Isaac, I get what you mean, I thought about the problem and here offer another possible explanation. The satiation argument is flawed, by the way, sorry.

I was thinking in the case of complementary goods, ((where two types of goods have to be consumed in some fixed proportion, in your example, one left shoe and one right shoe)), the assumption of monotonicity might not be applicable in the way you have described.

You ask why consuming one extra right shoe, in addition to a pair of shoes give you the same utility. But the implicit assumption is that you always have to consume a pair of shoes, not a single shoe. Essentially, (I’m guessing), the consumption of 2 right shoes and 1 left shoe is still treated as ONE unit of consumption, where one unit of consumption of shoes must have a fixed ratio of one to one.

Feng,

“You ask why consuming one extra right shoe, in addition to a pair of shoes give you the same utility. But the implicit assumption is that you always have to consume a pair of shoes, not a single shoe. ”

Exactly right, this is an implicit assumption in the case of perfect complementary goods that they are consumed at a fixed proportion. Thanks for the conversation because now I have two problems with this. The assumption of consuming solely at a fixed proportion is flawed in reality because 2 right shoes and 1 left shoe might give you more utility than 1 left and 1 right.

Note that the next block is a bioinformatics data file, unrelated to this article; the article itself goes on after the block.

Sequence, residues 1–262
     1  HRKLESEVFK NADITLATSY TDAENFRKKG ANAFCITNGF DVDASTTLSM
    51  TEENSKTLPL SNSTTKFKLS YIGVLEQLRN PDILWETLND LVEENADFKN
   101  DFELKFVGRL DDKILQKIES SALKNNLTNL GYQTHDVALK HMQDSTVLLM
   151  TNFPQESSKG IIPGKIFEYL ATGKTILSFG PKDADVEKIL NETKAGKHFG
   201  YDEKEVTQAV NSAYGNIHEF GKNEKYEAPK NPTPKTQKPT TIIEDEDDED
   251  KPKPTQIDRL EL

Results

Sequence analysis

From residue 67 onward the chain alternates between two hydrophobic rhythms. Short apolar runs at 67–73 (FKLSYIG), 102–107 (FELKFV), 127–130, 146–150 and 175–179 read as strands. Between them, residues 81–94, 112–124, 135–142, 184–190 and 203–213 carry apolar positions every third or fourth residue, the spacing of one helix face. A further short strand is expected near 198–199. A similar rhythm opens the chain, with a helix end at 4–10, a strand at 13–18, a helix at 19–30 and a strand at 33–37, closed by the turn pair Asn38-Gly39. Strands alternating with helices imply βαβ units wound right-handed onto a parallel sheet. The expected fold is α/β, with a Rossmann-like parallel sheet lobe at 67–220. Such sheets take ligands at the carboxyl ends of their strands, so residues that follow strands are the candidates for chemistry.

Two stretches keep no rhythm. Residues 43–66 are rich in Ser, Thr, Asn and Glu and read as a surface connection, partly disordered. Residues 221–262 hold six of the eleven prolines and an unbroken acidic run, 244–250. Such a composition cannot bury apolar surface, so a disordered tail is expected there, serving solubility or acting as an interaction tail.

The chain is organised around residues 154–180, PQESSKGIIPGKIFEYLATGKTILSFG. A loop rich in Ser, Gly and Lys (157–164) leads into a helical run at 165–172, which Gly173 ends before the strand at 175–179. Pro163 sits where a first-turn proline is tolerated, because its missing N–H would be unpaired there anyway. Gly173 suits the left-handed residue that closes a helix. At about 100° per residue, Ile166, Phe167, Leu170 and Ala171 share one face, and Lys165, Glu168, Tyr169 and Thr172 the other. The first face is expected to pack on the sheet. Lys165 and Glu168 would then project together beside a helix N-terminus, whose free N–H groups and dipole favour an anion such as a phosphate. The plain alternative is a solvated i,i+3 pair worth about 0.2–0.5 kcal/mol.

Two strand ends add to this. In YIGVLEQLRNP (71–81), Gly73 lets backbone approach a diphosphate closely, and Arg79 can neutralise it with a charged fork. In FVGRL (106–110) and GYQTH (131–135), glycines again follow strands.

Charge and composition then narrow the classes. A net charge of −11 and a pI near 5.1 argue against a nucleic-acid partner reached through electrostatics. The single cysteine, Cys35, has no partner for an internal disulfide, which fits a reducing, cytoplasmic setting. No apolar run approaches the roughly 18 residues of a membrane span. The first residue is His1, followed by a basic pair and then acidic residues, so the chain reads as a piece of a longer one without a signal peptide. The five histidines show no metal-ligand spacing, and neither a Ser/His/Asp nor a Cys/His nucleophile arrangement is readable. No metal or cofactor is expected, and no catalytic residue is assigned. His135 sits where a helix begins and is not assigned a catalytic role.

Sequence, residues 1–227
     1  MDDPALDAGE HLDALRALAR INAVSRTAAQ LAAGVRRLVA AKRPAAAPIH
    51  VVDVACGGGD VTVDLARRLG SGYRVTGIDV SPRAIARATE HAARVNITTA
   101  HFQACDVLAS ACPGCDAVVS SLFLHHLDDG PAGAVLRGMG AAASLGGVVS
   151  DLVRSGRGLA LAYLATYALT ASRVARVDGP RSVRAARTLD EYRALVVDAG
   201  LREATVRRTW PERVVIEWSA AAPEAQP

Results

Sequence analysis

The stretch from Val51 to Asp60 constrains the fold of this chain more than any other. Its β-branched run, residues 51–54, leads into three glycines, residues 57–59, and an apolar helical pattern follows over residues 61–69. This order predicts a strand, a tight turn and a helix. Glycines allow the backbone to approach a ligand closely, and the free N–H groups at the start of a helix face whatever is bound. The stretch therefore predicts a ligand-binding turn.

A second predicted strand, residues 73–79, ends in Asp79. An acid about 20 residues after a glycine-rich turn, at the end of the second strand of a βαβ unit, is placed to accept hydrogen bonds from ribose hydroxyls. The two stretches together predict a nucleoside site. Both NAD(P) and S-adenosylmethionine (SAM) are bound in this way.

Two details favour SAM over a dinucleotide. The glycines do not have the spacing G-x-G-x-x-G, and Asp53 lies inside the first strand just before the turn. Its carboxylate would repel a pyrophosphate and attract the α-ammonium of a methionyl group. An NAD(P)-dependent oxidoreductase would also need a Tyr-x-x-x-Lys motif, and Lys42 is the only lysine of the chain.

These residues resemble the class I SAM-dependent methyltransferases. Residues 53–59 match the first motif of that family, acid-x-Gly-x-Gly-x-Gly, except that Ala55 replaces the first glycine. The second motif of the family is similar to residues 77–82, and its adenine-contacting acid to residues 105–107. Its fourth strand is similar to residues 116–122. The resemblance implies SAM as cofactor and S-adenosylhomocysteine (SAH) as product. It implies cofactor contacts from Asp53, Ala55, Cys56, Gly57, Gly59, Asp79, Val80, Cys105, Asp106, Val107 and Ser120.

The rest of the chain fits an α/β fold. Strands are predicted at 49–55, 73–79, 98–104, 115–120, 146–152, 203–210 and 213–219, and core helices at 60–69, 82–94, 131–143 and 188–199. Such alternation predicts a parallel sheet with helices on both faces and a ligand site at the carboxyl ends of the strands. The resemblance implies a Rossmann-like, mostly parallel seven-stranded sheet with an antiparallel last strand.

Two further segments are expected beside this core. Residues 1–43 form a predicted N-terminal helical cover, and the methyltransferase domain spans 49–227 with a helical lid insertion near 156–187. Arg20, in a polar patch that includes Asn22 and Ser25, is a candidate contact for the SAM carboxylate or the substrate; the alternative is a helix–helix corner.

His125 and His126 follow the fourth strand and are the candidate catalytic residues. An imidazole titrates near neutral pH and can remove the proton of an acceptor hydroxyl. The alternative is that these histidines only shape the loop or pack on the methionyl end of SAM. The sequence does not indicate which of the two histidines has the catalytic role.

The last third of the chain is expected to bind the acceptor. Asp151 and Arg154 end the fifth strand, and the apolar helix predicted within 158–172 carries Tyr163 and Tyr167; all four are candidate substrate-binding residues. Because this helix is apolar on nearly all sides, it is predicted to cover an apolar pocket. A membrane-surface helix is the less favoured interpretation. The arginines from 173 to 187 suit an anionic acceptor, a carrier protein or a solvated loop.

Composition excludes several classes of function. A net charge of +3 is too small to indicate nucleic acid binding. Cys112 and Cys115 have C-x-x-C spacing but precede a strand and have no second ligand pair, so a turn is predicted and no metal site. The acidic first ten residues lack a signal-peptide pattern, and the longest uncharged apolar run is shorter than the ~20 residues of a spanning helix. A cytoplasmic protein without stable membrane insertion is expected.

But even if we take this assumption as given, then we are faced with contradiction because this clearly contradicts the monotonicity assumption. We are left with deciding what assumptions to make in certain situations. While monotonicity is supposed to be one of the key assumptions of ICs, it is clearly ignored when we model perfect complementary goods.

This raises another question then. If monotonicity can be ignored when dealing with perfect complementary ICs, then can it also be ignored when two ICs intersect?

Isaac, I guess models are used to examine realities. We can’t really expect too much from them.

Further, I don’t think the fixed proportion assumption and monotonicity assumption contradict, because monotonicity (the more the merrier) in this case refers to the more pairs of shoes the merrier. In this case, two ICs will not intersect.

Feng,